In April 2014, at a time when the Bharatiya Janata Party's (BJP) central leadership was on the verge of sealing the deal for an alliance with the Telugu Desam Party (TDP) in Andhra Pradesh, the saffron party's cadre in Srikakulam strongly opposed the move, saying they can't allow the TDP to gain ground in the district.
Four years later, on Wednesday late night, when Andhra Pradesh chief minister N Chandrababu Naidu confirmed that the TDP is walking out of the central government, BJP cadres in Srikakulam were all smiles.
The state BJP has never been comfortable with having TDP as an ally, believing that their growth trajectory was being limited by the regional party. So, Naidu's decision to quit the NDA government has resulted in a wave of optimism in both TDP and BJP camps.
The break-up happened on Wednesday, but seeds of discord were sown two years ago, after the Narendra Modi government didn't react to the TDP's demand — that all commitments made at the time of Andhra Pradesh's bifurcation be realised. Political compulsions forced Finance Minister Arun Jaitley to extend the TDP an olive branch, offering them the promise of a special package instead of special status to Andhra Pradesh, and Naidu reluctantly agreed to it.
But just when things started appearing peaceful again, the 2018 Union Budget upset Naidu again. The BJP didn't agree to any of Andhra Pradesh's demands: Special status for the state after the creation of Telangana to tide over resultant loss of revenue; financial support in establishing a new state capital at Amaravati; and the Polavaram project.
Among these, the special status issue took centrestage, as parties and leaders found themselves dipped in an inkpot of emotion in Andhra Pradesh. Public sentiment started to grow over the issue, which directly impacted a slew of grievances, including losing state capital Hyderabad to Telangana. Politicians also made it a prestige issue.
Chandrababu Naidu's main rival in the state, YSR Congress chief Jagan Mohan Reddy, held a padyatra that raked up the special status issue and acted as gasoline to the fire which Naidu was trying hard to douse. Naidu, a shrewd politician, saw a large number of people perceiving the Centre's stand as a betrayal to Andhra Pradesh. With Assembly elections due next year, Naidu decided to act, and made his calculations. He wanted to avoid being tagged alongside the NDA government, which had failed to grant Andhra Pradesh special status. He started sending feelers of dissatisfaction to the Centre, but it fell on deaf ears.
TDP, which was under political pressure to demonstrate its strong base, had to move fast. In the last 48 hours, the party's MPs in Delhi and MLAs and MLCs in Amaravati decided to offer their full support to Naidu, urging him to withdraw from the government.
However, the chief minister, a master in striking strategic alliances with the Centre, knew the knack of bargaining with the government. He took little time in analysing the repercussions of a possible withdrawal. He also failed to understand Modi's cold shoulder treatment. In the last four years, he has visited Delhi 29 times seeking central funds for the development of the state. But in all these trips, he could meet the prime minister only a few times.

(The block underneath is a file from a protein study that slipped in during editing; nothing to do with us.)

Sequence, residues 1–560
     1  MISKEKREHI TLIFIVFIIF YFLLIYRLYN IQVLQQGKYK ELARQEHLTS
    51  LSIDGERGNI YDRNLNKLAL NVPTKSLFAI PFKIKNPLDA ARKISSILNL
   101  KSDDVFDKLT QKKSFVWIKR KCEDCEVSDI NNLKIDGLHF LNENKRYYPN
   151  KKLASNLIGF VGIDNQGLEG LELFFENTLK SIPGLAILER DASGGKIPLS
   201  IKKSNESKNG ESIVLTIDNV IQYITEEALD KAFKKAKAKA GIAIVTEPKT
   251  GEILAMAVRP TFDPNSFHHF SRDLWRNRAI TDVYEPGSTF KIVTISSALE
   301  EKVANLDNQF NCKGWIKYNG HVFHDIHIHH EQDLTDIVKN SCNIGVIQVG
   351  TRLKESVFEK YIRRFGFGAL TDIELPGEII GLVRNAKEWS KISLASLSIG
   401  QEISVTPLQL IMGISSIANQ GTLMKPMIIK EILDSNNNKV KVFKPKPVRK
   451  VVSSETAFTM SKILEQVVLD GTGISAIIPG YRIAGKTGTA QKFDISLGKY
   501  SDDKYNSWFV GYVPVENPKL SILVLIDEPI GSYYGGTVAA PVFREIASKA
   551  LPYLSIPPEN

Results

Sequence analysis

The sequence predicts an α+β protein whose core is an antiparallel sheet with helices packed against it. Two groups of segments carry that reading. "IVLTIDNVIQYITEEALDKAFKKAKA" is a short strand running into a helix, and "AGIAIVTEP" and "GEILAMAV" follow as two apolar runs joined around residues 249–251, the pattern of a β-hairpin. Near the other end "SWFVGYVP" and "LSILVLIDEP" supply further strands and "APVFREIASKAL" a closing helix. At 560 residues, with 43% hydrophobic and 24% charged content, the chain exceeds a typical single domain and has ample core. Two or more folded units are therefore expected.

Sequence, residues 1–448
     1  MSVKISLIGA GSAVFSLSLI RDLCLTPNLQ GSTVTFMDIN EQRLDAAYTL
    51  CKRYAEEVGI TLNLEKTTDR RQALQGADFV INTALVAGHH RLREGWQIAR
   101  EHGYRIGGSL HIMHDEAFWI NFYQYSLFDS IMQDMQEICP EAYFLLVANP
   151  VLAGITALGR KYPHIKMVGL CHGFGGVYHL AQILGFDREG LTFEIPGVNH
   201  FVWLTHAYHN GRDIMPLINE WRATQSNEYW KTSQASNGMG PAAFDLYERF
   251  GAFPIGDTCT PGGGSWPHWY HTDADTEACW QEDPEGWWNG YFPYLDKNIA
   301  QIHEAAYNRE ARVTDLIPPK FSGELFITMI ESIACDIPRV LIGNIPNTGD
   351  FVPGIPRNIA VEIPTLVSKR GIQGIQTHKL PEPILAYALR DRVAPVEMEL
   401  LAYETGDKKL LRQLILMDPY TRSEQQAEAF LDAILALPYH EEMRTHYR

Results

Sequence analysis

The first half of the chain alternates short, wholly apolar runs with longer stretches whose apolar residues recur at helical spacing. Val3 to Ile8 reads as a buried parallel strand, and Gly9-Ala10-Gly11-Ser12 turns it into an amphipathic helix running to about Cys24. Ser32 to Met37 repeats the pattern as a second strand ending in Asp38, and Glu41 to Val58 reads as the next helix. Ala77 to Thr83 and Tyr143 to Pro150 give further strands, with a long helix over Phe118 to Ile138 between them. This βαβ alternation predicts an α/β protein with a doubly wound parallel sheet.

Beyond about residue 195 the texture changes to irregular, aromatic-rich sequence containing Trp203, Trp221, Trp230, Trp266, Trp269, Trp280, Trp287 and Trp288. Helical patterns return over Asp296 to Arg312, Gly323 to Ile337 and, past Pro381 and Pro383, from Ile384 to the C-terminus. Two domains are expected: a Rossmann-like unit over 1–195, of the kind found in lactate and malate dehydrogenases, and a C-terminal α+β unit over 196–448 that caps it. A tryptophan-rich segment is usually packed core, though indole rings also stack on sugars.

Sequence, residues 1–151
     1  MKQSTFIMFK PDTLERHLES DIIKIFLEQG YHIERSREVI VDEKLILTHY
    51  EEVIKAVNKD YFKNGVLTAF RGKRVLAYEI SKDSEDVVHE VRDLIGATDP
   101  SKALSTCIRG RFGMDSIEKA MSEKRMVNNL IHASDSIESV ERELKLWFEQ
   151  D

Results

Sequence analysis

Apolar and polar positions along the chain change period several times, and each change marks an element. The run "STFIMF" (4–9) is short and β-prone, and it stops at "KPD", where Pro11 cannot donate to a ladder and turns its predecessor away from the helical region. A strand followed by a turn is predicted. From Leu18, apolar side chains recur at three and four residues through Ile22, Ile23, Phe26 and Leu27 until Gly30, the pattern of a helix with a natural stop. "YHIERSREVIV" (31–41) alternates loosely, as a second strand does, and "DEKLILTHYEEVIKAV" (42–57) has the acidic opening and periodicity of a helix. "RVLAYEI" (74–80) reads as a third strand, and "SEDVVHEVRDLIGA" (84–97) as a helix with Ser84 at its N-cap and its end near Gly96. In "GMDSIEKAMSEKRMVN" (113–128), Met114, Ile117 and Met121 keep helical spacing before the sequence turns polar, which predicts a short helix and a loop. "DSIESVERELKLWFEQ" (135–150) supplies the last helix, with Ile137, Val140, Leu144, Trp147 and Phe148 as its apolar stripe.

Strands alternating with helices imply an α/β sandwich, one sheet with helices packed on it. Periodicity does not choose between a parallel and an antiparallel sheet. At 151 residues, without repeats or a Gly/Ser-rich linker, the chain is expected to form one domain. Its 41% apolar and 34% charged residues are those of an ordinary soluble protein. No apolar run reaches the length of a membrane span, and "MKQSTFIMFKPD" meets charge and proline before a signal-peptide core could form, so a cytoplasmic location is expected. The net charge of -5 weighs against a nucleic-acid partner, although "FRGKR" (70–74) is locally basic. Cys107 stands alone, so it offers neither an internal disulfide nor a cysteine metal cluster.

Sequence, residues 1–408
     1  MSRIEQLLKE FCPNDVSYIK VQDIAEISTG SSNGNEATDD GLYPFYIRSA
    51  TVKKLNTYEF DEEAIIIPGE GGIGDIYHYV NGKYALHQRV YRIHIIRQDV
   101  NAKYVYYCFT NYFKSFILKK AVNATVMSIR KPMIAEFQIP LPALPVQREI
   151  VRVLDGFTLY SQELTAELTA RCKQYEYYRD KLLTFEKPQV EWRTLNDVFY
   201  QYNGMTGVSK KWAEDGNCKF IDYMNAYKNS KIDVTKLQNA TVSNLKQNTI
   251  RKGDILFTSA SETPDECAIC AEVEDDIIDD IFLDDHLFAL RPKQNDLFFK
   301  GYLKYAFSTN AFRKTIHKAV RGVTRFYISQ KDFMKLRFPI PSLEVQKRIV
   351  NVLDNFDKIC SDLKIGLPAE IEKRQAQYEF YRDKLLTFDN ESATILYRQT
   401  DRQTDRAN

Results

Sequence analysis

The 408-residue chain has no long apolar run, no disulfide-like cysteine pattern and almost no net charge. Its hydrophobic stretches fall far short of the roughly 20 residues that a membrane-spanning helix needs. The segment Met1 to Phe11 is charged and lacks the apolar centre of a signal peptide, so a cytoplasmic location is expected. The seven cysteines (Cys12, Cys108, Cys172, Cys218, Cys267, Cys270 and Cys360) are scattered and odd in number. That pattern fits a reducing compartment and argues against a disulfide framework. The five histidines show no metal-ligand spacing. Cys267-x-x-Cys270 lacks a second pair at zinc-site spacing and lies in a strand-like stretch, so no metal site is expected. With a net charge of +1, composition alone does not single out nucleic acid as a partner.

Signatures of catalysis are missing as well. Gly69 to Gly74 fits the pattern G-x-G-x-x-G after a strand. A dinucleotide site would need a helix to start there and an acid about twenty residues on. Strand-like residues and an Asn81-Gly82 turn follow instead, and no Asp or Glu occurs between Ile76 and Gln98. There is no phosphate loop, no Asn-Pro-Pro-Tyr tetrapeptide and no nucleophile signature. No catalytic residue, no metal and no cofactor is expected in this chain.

Naidu, the kingmaker in 1996-98 and from 1998 onwards, who was the principal ally to the Right-wing NDA governments, was finding himself in a tight spot which was suffocating him. Former prime minister Atal Behari Vajpayee used to wait for Naidu, but Modi only found time to meet him twice between 2016 and 2018. There was also a gap of 20 months between the two, which humiliated the TDP chief.
During campaigning ahead of the polls, Modi was all in favour of Andhra Pradesh, and Naidu and went ahead with the commitment and support at Tirupati during a rally. Later, Modi was the chief guest at the foundation laying of Amaravati as the new capital city. The prime minister brought special water and soil from Varanasi, giving out the impression that the future is bright and Andhra Pradesh will flourish.
Political pundits asserted that Naidu was confident that the Modi government would accelerate Enforcement Directorate cases against Jagan Mohan Reddy, which would break the latter's backbone and the YSR Congress party. This didn't happen, and instead, Jagan's proximity only grew with Modi. Naidu was alert to the developments. Naidu was also irritated with the refusal of increase in seats in Andhra Pradesh Assembly. And special status was the third and final nail that pushed Naidu into a corner and forced him to take a call on the relationship with Modi.
With Lok Sabha and Assembly elections a year away, Naidu is trying to create a new brand for himself. At this junction, he cannot let any negativity derail his dreams. Politically, the TDP seems all too aware that the Centre's stock is down with many sections of society, especially farmers. The Gujarat election was a pointer and has been followed by the BJP's drubbing in by-elections in Rajasthan too. Though victory in the North East for the BJP pushed Naidu to delay his call, a few other considerations boosted his thought process.
Chief among these was the knowledge that the BJP is not growing in Andhra Pradesh and cannot be a thorn in the TDP's side in an election. Besides, the TDP is confident of winning the Muslim vote, as was demonstrated in the Nandyal by-election. Thus, he felt, it's the BJP which should be running after the TDP, not the other way around.
Now with TDP ministers pulling out of the Modi government, all eyes are on Naidu on his next move. Will he exit the NDA altogether? He will take his time, as he is aware that despite knowing the political consequences, any action can lead to repercussions.
Updated Date: Mar 08, 2018 10:18 AM